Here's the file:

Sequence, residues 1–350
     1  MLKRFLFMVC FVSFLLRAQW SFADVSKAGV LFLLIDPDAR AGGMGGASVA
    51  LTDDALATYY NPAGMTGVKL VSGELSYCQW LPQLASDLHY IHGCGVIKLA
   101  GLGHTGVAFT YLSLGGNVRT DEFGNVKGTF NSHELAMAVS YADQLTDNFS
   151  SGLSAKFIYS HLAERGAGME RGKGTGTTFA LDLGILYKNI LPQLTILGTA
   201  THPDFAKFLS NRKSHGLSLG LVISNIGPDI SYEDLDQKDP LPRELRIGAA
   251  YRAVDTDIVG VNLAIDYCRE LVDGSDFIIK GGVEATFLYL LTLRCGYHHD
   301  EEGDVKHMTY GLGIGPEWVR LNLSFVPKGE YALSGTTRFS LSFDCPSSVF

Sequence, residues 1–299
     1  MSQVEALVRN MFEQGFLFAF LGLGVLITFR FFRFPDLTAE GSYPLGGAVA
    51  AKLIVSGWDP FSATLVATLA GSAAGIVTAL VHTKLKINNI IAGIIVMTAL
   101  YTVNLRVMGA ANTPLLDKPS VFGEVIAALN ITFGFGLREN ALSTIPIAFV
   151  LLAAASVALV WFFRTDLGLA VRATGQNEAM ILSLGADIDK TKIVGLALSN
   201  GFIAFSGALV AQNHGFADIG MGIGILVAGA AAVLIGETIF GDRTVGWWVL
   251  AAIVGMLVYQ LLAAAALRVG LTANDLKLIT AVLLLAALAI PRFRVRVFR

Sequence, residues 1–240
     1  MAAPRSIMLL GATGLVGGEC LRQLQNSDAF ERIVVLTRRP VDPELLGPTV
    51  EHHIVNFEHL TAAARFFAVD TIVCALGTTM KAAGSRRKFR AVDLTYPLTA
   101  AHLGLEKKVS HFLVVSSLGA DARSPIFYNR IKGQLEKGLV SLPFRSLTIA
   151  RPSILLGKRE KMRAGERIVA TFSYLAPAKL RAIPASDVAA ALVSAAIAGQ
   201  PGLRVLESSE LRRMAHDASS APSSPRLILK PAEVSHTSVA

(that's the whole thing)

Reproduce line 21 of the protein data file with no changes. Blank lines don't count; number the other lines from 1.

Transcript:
   201  PGLRVLESSE LRRMAHDASS APSSPRLILK PAEVSHTSVA